John was a huge Red Sox fan whose history with the team could be traced back almost to the local nine’s very beginning, around the turn of the last century. He had actually seen many of the greats of yesteryear – Ty Cobb, Babe Ruth, Walter Johnson, Christy Mathewson, etc. – ply their craft; and, he had a storytelling gift that brought their exploits to life again for me, a budding fan.

I was not conscious of this at the time, but I now understand that John must have recognized the void in my life. And, in his own quiet and generous way, he tried to fill it. Consequently, many summer days of my childhood found me at Fenway Park with him.

Daytime baseball was common then, and crowds were nothing like they are today; so, John would buy us inexpensive tickets, and we’d gradually move to vacant seats in our favorite location, the grandstands behind first base.

Those games were a baseball immersion experience for me. I’d watch Yaz (Carl Yastrzemski), Boomer (George Scott), Rico (Petrocelli), and the other stars of the day playing on the field, and, between innings, I’d listen in rapt attention to tales of Ted Williams, Tris Speaker, Cy Young, and so many others. What a gift!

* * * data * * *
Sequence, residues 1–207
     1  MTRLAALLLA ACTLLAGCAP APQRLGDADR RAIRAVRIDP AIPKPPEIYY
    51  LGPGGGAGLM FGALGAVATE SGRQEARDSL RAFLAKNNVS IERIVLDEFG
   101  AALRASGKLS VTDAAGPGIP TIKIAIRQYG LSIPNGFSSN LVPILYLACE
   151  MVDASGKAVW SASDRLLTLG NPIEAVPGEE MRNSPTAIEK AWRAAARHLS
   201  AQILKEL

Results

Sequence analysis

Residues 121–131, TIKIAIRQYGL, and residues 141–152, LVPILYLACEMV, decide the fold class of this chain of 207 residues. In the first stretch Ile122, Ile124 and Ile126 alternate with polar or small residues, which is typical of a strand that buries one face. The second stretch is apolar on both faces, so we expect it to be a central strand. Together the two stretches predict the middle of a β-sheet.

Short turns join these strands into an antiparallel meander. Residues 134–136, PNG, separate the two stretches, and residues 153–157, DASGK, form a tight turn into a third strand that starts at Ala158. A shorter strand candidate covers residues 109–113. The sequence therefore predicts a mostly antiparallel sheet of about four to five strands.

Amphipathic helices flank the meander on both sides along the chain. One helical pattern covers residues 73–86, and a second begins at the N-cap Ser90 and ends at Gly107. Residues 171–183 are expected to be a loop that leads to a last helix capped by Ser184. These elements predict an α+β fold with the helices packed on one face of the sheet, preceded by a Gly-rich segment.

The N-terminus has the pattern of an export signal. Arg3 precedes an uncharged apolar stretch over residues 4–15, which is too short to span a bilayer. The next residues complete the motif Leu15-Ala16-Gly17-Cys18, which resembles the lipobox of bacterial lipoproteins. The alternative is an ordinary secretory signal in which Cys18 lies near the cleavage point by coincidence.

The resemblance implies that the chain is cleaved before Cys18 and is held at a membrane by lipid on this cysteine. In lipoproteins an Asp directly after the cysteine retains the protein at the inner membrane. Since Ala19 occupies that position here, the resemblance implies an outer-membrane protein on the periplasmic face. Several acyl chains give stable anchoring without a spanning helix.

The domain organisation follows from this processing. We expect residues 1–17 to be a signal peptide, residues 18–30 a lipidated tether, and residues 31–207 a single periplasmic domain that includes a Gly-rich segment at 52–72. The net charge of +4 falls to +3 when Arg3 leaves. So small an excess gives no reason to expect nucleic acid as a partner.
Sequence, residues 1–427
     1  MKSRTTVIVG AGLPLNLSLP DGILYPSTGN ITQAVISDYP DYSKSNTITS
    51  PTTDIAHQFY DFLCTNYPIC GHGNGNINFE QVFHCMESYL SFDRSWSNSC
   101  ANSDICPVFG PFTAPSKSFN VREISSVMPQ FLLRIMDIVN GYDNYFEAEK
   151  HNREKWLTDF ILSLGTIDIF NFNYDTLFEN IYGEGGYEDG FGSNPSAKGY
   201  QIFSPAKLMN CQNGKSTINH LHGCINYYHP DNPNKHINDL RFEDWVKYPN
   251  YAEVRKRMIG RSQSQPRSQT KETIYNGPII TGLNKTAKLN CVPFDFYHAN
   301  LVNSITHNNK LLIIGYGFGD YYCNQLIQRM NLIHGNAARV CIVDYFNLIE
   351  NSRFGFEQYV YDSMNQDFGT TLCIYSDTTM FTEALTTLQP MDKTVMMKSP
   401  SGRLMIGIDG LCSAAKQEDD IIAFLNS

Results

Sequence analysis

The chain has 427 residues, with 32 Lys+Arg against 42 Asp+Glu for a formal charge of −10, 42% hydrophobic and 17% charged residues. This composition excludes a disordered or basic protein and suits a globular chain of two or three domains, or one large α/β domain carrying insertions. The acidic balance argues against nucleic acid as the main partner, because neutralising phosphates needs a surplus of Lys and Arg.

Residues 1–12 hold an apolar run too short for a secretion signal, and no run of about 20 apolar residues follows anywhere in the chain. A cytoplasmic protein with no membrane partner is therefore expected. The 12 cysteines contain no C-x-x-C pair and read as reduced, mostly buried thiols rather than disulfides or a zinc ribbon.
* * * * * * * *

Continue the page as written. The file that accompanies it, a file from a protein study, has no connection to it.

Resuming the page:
Around the sixth or seventh inning, John would reach into the paper bag he’d carried into the park and proclaim: “I have a surprise for you.” Then, he’d hand me a home-made egg salad sandwich, cut diagonally and carefully wrapped in wax paper. Even though the gesture was far from a surprise, and despite the fact that I was not at all a fan of egg salad, it was a part of our routine – our relationship – that I really came to depend upon. “Grandfathers” are thoughtful like that.

As traveling became more difficult for him, John and I would sometimes watch baseball games together on his television. We both missed the ambiance of the ballpark, but it was still a privilege to be in his presence.

Baseball got into my blood largely through John Mackey’s influence. My continuing love of the Red Sox is, at least in part, the legacy of that very good man’s kindness to this little boy.

Today, my wife and I own that same two-family house purchased by my parents in the mid-sixties. And, we live in the space once occupied by John and Alice. I think of him (and them) often… and smile.

Heroes often disappoint when their true character is revealed. John’s true character is precisely what made him my hero.

To this day, my preferred seats at Fenway are the grandstands behind first base.